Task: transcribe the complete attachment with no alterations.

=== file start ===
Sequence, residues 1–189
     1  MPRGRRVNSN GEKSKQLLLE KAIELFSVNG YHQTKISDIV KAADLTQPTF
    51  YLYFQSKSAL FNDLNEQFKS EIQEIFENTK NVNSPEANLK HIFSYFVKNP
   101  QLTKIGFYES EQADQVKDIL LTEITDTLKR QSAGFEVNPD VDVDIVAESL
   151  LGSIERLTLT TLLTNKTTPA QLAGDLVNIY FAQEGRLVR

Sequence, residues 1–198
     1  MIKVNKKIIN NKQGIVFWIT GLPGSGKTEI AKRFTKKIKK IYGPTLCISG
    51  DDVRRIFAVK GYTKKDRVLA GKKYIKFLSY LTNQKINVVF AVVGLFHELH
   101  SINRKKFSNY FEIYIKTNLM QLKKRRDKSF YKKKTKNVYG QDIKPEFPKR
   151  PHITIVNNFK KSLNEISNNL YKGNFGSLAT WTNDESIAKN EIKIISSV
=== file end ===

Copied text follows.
Sequence, residues 1–189
     1  MPRGRRVNSN GEKSKQLLLE KAIELFSVNG YHQTKISDIV KAADLTQPTF
    51  YLYFQSKSAL FNDLNEQFKS EIQEIFENTK NVNSPEANLK HIFSYFVKNP
   101  QLTKIGFYES EQADQVKDIL LTEITDTLKR QSAGFEVNPD VDVDIVAESL
   151  LGSIERLTLT TLLTNKTTPA QLAGDLVNIY FAQEGRLVR

Sequence, residues 1–198
     1  MIKVNKKIIN NKQGIVFWIT GLPGSGKTEI AKRFTKKIKK IYGPTLCISG
    51  DDVRRIFAVK GYTKKDRVLA GKKYIKFLSY LTNQKINVVF AVVGLFHELH
   101  SINRKKFSNY FEIYIKTNLM QLKKRRDKSF YKKKTKNVYG QDIKPEFPKR
   151  PHITIVNNFK KSLNEISNNL YKGNFGSLAT WTNDESIAKN EIKIISSV